Vietnam to Use Japan-Donated Vaccines in Three Epicenters of Fourth COVID-19 Wave

Police officer who issued IDs tested positive had contact with 6,000 people.
2021-06-17
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Vietnam to Use Japan-Donated Vaccines in Three Epicenters of Fourth COVID-19 Wave A vaccination site in Ho Chi Minh City, Vietnam in a file photo.
HCDC

Vietnam’s Minister of Health Nguyen Thanh Long told state media Thursday that the majority of the one million COVID-19 vaccines donated to the country by Japan this week would be used in the three epicenters of the country’s fourth wave of the deadly virus.

Vietnam has been among the most effective countries in tackling COVID-19, reporting no deaths among its 95 million people through late July 2020—a record that was attributed to effective contact tracing, strict quarantines, and early testing.

Since then, four separate waves of the virus swept over the country, leaving a trail of 11,794 confirmed cases and 61 deaths.

Since the beginning of the fourth wave in late April, the northern province of Bac Giang has recorded 5,007 cases, while nearby Bac Ninh province confirmed 1,454, and the southern economic hub Ho Chi Minh City reported 1,197.

The minister said Ho Chi Minh City would get 800,000 doses of the British-Swedish AstraZeneca vaccines donated by Japan, with vaccination starting this week.

Vietnam is the first ASEAN country to receive vaccines donated by Japan and the fifth shipment for Vietnam through the COVAX program and individual country donations. It remains the only country in ASEAN to have not used Chinese vaccines.

China has donated 100 million doses to other countries in the region, China’s Foreign Minister Wang Yi said on June 8.

Hoang Viet, a lecturer from the Ho Chi Minh City Law University told RFA’s Vietnamese Service that although China has announced it would be donating vaccines to many different countries, Vietnam was not among them.

“The first possibility is that the relationship between Vietnam and China is no longer as warm as before. The second possibility is that China may require some conditions for receiving donations or purchasing vaccines but Vietnam did not accept them," Hoang said.

He also said that the Vietnamese government may have taken into consideration its people’s objection to the use of Chinese vaccines.

"When the government talked about the possibility of buying Chinese vaccines, many people protested, creating pressure and making the government very cautious," he said.

Carl Thayer a professor at the University of New South Wales told RFA, “The Vietnamese government presently is casting a wide net seeking vaccine supplies from a variety of countries.

Among the vaccines in use in Vietnam are Russia’s Sputnik V and the U.S.’ Moderna vaccine. Additionally, Vietnam recently gave emergency approval for Pfizer vaccine made in Belgium and Germany.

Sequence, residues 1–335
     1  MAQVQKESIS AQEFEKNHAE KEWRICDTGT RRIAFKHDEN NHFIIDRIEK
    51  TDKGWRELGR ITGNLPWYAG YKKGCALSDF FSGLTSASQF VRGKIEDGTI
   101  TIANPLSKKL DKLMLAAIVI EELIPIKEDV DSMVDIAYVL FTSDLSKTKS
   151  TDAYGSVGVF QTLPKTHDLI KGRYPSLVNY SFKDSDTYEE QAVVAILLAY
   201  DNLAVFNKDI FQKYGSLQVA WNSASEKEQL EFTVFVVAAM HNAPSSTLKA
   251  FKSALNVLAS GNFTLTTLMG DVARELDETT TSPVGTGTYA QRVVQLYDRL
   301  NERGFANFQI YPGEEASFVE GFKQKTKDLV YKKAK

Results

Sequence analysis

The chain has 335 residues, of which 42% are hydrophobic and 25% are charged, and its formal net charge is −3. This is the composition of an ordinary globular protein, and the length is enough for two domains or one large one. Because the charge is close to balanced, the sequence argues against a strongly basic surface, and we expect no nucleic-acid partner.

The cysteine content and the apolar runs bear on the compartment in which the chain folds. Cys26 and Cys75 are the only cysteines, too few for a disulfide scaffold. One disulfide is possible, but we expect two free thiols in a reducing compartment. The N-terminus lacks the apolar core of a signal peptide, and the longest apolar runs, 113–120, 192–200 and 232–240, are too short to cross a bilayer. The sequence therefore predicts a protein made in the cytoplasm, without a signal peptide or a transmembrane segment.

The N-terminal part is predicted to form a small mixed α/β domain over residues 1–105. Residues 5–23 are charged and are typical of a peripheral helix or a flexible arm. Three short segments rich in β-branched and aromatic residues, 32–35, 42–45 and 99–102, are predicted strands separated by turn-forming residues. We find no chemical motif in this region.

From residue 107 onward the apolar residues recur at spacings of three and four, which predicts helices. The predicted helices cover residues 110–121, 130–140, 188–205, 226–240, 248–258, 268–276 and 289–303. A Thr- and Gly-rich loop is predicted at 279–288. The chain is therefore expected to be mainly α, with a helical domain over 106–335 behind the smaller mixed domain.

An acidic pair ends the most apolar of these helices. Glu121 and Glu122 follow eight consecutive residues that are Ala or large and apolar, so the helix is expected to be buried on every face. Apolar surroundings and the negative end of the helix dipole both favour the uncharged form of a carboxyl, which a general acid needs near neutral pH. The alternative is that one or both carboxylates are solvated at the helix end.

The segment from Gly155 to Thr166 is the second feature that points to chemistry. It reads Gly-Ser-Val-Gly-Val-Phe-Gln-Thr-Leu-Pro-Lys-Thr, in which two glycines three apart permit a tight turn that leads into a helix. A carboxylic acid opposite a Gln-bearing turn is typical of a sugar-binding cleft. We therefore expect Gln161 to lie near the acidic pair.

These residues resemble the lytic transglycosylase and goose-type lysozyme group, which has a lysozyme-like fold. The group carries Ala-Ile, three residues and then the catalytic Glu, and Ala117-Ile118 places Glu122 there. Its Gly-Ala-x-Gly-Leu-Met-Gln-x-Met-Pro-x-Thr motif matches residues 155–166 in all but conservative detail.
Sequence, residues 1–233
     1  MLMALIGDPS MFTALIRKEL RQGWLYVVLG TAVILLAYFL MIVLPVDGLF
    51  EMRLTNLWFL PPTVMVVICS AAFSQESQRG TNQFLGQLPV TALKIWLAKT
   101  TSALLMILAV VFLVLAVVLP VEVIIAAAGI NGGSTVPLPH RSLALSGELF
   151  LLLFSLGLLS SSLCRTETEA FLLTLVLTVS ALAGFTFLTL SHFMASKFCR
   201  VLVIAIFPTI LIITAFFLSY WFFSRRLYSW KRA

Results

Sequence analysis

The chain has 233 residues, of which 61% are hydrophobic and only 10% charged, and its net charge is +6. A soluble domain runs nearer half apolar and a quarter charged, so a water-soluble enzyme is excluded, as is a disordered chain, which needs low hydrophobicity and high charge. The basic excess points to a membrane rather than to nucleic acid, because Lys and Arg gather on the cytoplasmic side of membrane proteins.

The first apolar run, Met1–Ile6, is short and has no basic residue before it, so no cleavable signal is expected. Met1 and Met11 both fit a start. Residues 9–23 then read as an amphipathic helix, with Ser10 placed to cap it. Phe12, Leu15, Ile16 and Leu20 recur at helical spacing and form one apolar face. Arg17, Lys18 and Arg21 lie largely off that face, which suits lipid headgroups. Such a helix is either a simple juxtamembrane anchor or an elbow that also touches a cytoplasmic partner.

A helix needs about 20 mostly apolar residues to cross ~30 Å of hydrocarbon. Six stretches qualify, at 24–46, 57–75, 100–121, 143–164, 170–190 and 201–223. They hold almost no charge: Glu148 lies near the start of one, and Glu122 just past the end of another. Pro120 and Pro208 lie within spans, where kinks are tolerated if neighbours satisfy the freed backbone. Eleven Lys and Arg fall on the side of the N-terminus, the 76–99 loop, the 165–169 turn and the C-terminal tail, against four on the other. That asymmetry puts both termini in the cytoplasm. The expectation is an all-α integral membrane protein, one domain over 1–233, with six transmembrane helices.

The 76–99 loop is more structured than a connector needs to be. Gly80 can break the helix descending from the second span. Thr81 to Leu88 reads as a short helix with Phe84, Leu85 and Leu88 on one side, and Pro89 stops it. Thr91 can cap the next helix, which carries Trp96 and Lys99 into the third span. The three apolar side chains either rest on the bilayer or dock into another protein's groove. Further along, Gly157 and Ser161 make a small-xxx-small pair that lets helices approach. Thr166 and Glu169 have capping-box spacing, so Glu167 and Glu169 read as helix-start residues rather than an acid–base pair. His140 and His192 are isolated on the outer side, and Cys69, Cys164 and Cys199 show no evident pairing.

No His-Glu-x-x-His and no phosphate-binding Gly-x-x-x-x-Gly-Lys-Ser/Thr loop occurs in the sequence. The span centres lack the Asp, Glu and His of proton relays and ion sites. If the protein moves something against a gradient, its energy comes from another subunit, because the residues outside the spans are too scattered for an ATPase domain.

“China does not appear to be on Vietnam’s list due to anticipated widespread public reaction against Chinese vaccine,” Thayer said.

In a related development, Mr. Lam Minh Thanh, chairman of the southern province of Kien Giang’s People’s Committee said that the province planned to ask the central government to provide COVID-19 vaccines to all of 170,000 residents on Phu Quoc island so that the popular tourist destination could welcome visitors again from September or October 2021.

Contact tracing

A police officer in the northern coastal province of Nghe An who works in an ID-issuing office had contact with 6,000 people tested positive for COVID-19 according to a report in Ho Chi Minh City’s Public Security Newspaper.

The officer, called patient BN11634 in the report, worked at the photography and fingerprinting section of the Dien Chau district police. He had been on a busy business and travel schedule before being confirmed positive for COVID-19. 

His positive test caused Dien Chau and nearby Vinh city to completely close down Thursday.

A person who had contact with BN11634, a public servant at the Dien Chau People’s Committee tested positive by mid-day Thursday.

The report said it was not clear if the officer could be prosecuted for spreading the virus or not. A 22-year-old woman was Monday prosecuted on charges of spreading COVID-19.

According to the investigation into the woman’s case, she met with an infected person but did not reveal this to authorities.

Ms. Nguyen Thi Thu Huong, Head of the Propaganda and Education Department under the Nghe An Provincial Party Committee, denied that patient BN11634 had close contact with over 6,000 people. 

“Responsible agencies in Dien Chau district have traced/examined the case and confirmed 103 contacts, and 6,000 related people of which many have had close contact with the patient”, said Huong. 

The Tuoi Tre online newspaper quoted Huong as saying that most of the related people were local residents who had come to the headquarters of Dien Chau People’s Committee to apply for a new ID.  

However, Huong did not specify how those, who had close contact with patient BN11634, should be categorized. 

Reported by RFA’s Vietnamese Service. Translated by Anna Vu. Written in English by Eugene Whong.

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